IJ and the Fight for Our Home
By Joy E. Gamble
More than four years ago, my husband, Carl, and I sold our small grocery store and looked forward to settling into retirement in our home of 35 years. But soon after doing so, our ordinary, working-class but well-kept neighborhood was targeted for redevelopment in the form of a shopping mall, office buildings and apartments. A multi-millionaire developer, craving more multi-millions, teamed up with a heavily-in-debt City craving more tax revenue. The land-grab was on.
At first, there were about 20 people who didn’t want to sell in our neighborhood. But then the fearful words “eminent domain” were in the air. Many of those 20 couldn’t withstand the pressure and sold. The remaining ones did not want to give up, but we needed help. We found it.
At our request, the Institute for Justice came to our aid. IJ attorneys Dana Berliner and Scott Bullock visited our neighborhood and talked to the residents and our supporters, telling us that we could fight—and win!
They had formidable forces to contend with. Did that deter the Institute? Never. They saw there was an injustice afoot. A constitution needed upholding. Private property needed protecting. Into the fray.
To use eminent domain, the City needed to label us “blighted.” A paid-for-by-the-developer study put the “blight” and “deteriorating” label on us.
IJ took on our case and devoted a large investment of their resources to protecting us. A lengthy trial was held. Dana, Scott and the rest of the IJ team, including our expert witnesses, demolished the City’s arguments. Even the trial judge had to rule that our neighborhood was not blighted, but she still held that our homes could be taken because we were “deteriorating.” What a blow. But the Institute wasn’t defeated. Ever optimistic, there were no long faces or heavy hearts. They made plans to appeal.
After our defeat at the trial level, the heavy hand of government really went into action. Titles to our properties were promptly transferred to the developer, who immediately sent out eviction notices. Then came the fateful day when my husband and I were forced to flee our home or be taken out in handcuffs. We will never forget how IJ attorney Bert Gall, now a vital part of the litigation team, flew out to be with us on that sad day when the moving van arrived. We moved into the finished basement of our daughter’s home in Kentucky.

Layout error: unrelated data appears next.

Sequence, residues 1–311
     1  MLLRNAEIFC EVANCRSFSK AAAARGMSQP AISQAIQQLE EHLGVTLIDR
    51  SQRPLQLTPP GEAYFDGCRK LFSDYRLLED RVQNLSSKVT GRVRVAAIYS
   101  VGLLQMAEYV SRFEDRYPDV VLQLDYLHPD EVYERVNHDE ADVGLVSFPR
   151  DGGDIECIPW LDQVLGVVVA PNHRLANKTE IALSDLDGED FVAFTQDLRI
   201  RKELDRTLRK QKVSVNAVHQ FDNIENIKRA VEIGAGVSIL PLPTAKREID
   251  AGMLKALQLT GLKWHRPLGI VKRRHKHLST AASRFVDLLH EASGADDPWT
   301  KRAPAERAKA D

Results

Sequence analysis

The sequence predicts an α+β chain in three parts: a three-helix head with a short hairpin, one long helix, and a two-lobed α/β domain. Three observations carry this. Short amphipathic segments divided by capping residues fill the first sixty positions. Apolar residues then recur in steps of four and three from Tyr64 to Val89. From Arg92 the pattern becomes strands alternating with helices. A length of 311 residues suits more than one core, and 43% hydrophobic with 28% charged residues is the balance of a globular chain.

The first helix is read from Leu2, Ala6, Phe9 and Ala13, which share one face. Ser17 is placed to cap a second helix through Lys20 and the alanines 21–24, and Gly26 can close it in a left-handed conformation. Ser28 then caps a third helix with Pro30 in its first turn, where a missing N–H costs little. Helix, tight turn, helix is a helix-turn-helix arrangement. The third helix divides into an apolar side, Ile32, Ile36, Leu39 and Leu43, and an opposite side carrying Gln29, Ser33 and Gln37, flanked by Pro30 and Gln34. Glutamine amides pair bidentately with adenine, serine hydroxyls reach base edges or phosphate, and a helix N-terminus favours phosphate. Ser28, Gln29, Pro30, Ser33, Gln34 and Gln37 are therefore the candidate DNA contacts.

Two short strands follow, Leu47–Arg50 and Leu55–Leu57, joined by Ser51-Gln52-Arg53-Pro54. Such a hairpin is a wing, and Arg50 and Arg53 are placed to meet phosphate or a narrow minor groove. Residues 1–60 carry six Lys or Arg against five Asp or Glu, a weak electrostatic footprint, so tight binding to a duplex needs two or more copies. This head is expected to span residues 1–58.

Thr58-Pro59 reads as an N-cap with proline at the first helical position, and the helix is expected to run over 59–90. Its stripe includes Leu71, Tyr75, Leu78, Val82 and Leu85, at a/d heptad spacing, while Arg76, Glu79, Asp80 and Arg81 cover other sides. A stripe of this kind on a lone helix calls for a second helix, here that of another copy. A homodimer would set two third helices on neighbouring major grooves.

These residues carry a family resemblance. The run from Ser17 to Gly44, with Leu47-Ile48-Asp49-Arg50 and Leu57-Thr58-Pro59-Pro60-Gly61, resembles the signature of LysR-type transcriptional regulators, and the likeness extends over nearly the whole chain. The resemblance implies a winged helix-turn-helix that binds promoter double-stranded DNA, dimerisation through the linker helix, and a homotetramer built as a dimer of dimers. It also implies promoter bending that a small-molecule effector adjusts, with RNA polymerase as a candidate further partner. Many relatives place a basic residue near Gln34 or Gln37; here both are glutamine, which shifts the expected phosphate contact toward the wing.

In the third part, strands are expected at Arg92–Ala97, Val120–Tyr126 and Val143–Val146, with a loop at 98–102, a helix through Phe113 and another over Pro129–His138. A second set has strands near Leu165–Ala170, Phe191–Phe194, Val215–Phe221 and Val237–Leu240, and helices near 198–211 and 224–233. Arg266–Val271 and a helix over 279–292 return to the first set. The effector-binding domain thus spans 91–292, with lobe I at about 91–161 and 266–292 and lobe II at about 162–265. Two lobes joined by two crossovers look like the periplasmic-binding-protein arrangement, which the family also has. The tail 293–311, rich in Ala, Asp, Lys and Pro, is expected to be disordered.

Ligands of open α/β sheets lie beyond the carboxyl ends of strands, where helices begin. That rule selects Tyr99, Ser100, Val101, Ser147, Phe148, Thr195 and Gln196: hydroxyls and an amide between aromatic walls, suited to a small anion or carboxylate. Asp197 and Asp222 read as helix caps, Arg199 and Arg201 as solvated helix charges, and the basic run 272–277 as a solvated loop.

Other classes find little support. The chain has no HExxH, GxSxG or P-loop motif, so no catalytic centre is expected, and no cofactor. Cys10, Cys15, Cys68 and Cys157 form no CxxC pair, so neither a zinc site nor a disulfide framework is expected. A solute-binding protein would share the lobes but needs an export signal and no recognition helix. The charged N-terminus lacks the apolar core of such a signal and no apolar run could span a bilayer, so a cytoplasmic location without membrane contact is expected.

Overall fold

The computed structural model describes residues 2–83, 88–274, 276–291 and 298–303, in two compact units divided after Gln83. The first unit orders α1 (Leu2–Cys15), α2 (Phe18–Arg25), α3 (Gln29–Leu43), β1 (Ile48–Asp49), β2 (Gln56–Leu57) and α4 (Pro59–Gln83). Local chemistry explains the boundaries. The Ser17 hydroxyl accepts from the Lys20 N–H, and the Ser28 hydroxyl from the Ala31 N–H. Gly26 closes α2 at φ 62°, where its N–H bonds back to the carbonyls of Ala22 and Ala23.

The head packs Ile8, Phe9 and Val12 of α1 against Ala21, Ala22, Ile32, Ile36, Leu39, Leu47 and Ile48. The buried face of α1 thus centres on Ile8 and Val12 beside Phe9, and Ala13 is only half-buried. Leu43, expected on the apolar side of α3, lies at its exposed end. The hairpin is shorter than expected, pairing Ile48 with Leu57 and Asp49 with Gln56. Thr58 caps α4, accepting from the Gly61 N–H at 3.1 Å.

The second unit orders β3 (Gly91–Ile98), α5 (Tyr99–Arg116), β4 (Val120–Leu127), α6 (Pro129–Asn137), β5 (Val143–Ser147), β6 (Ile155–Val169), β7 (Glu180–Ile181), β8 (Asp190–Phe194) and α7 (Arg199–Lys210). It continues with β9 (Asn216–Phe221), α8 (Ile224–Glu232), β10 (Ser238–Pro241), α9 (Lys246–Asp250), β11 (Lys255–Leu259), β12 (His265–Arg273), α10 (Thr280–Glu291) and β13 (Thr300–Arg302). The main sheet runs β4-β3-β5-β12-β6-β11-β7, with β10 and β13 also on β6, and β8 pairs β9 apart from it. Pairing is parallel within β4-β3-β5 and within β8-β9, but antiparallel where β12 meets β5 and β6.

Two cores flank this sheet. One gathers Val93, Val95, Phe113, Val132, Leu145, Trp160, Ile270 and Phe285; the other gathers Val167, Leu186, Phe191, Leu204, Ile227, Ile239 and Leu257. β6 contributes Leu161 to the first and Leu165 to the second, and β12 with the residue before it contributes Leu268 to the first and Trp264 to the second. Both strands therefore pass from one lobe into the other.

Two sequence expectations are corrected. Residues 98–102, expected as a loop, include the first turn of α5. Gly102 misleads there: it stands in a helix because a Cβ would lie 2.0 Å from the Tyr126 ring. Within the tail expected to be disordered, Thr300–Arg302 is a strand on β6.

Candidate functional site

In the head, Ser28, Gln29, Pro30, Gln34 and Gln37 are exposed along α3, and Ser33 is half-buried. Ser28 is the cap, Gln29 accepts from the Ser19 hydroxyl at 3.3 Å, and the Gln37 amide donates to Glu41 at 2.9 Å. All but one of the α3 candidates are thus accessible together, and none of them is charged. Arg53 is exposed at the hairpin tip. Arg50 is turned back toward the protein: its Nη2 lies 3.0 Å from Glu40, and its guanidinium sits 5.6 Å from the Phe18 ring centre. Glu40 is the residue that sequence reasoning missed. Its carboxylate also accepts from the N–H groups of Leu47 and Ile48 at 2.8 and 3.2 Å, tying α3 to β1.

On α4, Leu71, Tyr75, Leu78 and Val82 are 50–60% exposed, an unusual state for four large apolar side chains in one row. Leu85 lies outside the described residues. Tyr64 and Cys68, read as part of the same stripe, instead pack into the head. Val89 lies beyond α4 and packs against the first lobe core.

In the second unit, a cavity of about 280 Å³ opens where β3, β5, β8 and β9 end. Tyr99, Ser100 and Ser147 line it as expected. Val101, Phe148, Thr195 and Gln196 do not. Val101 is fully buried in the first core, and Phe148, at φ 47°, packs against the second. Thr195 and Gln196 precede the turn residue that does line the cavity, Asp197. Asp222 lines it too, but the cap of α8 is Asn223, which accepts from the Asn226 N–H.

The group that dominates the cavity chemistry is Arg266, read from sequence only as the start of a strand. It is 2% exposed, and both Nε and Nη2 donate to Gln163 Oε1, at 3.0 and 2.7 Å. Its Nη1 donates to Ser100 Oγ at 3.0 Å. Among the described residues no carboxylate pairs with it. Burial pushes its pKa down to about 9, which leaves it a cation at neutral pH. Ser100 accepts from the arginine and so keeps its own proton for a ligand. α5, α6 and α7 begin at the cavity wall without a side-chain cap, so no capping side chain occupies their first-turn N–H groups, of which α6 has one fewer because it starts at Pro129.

The developer, with his new-found power, was dead set on destroying our home. Frankly, my husband and I were beginning to lose hope, but IJ was not going to abandon us. Undeterred, they went straight to the Supreme Court of Ohio with the plea to save the remaining homes. The Court issued an injunction. The homes would remain standing pending our appeal. At last, a small win.
The First District Court of Appeals in Ohio, however, simply rubber-stamped what the trial judge had done. Again, defeat.
Did the Institute lose hope? Never. Against what seemed like insurmountable odds, they went back to the Ohio Supreme Court and pleaded with the justices to listen to our case in its entirety. The Court agreed.
While my husband and I were languishing in northern Kentucky, the Institute was once again hard at work—filing our legal briefs and getting other groups to file briefs in the case. On January 11, 2006, the Supreme Court of Ohio heard our case and the entire IJ team prepared for and came out for the argument. John Kramer, IJ’s vice president for communications, made sure that the media knew the importance of this case. The courtroom was packed with our supporters, reporters and cameras. The justices listened intently as Dana told them that our so-called deteriorating neighborhood was no different than millions of neighborhoods across the country.
At last, the decision. We won . . . unanimously! The Hamilton County Court was wrong. The court of appeals was wrong. And the City was wrong. We were getting our home back. A great weight was lifted off our shoulders. We didn’t go through all that for nothing. And all of the Institute for Justice’s countless briefs and filings, time and travel, and hard work were not in vain. But even more importantly, it means that all citizens in Ohio are now protected from these types of abuses. What an incredible day for justice in America!
Joy E. Gamble is an Institute for Justice client and remains a homeowner in Norwood, Ohio.